Cork require support to defeat ‘Nash motion’

Limerick and Tipperary are the only Munster counties who have publicly confirmed they will join Cork in voting against the ‘Anthony Nash motion’ in Congress tomorrow.

Clare, Kerry and Waterford won’t decide what way they are voting until their delegates meet in Croke Park this evening.

Motion 58 states “to advance the ball deliberately from the place at which a free puck, penalty puck or sideline puck is to be struck from” is an offence punishable by the cancellation of the placed ball followed by a throw-in from where the foul occurred.

Were all the Munster counties to vote en bloc against the playing rules committee’s motion, they would make 55 votes, but over one-third of the Congress vote — a minimum of approximately 113 votes — is required to defeat it.

However, as things stand, Cork, Tipperary and Limerick’s estimated combined vote of 30 represents just less than 10% of the estimated total vote.

The behaviour of the three other counties may be viewed suspiciously by Cork who have described the motion, clearly aimed at Nash after his successful goal attempts from 20m frees in last year’s All-Ireland finals, as nonsensical.

While Clare and Waterford have refused to show their hands, there are indications some of their delegates are in favour of the motion.

Clare manager Davy Fitzgerald has voiced his support for it, even though he regularly broke the 20m line in taking frees before helmets were mandatory. However, his argument is the power of Nash’s shot presents a safety risk to those defending on the goal-line.

Tipperary decided on Wednesday evening to give authority to their Congress delegates to vote on the proposal, while Kerry will canvassfurther opinion in Dublin this evening and tomorrow morning.

Having discussed motions on Wednesday night, Limerick believe the change to the rule would discourage attacking play and possibly lead to more cynical fouling by the defending team close to their goal.

County chairman Oliver Mann said free and penalty takers have been “stealing” yards for generations. He also believes it is too simplistic a solution to ensure the ball to be struck before the 20m line.

“What we feel is this didn’t just arise in 2013. This is a practice that has been going on for some time. It’s an art that has been well perfected by some players, perfected better by some more than others.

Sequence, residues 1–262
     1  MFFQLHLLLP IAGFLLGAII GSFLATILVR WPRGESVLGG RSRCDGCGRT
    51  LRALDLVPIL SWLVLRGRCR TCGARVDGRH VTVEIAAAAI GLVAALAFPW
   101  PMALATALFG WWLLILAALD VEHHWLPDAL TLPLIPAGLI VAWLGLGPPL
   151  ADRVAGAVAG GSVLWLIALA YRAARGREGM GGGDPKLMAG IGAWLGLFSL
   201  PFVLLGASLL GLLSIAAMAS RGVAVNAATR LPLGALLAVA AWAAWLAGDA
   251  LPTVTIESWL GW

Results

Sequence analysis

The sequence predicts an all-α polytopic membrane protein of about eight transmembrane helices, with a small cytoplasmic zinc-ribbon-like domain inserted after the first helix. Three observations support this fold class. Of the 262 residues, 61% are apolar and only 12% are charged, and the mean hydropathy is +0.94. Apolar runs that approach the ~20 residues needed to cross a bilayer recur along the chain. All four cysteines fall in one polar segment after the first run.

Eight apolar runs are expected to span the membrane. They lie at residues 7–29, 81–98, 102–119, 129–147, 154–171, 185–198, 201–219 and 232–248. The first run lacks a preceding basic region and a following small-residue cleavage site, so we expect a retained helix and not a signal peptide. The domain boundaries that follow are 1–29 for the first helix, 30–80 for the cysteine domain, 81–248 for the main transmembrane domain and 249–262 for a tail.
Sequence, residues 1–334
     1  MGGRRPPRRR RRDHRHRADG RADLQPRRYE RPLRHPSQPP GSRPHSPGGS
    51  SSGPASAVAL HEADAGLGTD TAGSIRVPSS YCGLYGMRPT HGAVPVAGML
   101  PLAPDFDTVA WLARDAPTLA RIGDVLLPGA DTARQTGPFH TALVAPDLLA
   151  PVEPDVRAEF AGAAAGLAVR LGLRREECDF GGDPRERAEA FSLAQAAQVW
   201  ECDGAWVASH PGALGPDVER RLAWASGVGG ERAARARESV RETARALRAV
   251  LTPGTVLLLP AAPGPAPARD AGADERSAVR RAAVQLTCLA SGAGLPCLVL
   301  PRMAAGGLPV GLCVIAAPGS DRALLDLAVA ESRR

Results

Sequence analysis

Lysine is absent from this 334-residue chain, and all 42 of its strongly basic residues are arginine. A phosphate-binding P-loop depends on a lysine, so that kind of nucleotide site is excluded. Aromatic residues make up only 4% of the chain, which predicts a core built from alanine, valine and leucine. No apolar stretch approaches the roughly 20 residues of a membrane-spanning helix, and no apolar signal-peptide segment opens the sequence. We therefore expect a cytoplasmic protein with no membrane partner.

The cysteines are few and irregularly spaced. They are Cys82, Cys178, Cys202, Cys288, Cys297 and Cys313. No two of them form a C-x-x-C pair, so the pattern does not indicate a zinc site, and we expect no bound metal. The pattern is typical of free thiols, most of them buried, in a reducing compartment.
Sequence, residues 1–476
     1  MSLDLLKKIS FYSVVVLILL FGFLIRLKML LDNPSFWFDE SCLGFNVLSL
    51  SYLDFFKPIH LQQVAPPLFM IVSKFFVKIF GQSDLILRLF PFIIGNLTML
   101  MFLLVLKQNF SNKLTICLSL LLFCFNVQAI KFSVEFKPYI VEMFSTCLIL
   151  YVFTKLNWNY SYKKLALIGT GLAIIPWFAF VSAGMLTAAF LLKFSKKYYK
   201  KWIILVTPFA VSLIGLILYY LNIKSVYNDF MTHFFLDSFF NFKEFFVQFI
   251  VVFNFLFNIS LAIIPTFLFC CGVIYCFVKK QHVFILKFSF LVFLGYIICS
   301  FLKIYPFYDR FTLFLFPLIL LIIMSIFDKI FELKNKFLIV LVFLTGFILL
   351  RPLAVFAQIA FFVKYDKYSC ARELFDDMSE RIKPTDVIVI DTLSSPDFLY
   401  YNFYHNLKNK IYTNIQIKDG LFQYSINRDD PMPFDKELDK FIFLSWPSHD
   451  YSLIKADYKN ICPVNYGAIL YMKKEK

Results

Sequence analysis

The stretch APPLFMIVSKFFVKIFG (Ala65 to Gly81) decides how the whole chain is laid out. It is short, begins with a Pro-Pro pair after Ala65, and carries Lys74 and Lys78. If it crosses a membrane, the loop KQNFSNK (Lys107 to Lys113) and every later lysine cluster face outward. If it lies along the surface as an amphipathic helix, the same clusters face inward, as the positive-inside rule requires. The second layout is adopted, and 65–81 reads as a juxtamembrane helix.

“You can’t look at it in isolation. If you were to say you can’t come inside the 21-yard line, you would then have to look at the amount of people allowed on the goal-line.

“A penalty is generally conceded so as to ensure a goal isn’t conceded. Therefore, you should have more than a 50-50 chance of scoring it.

“What’s proposed in the alteration to the rule will mean your chances of scoring are going to be reduced, so it makes sense to be a little bit more, shall we say, professional in your defending.”

Mann agrees with his fellow chairman in Cork, Bob Ryan, that the ‘Nash motion’ should be considered as part of the forthcoming hurling forum as proposed by GAA president Liam O’Neill.

“You have look at the facts and how some people balance the ball on their hurley in taking frees and that’s something that has to be dealt with as well.

“Again, it’s not something that should be considered in isolation. An overall review of free-taking is perhaps required.”

Meanwhile, Mann revealed Limerick are also standing alongside Cork in favour of match bans being introduced at club level.

“It makes sense, particularly in the latter stages of the year when competitions are getting more and more serious.

“A player could miss three championship games with a time ban later in the year whereas at the start of the year he might only miss a league game. The same time bans at different times of the season bear no relation to one another.”


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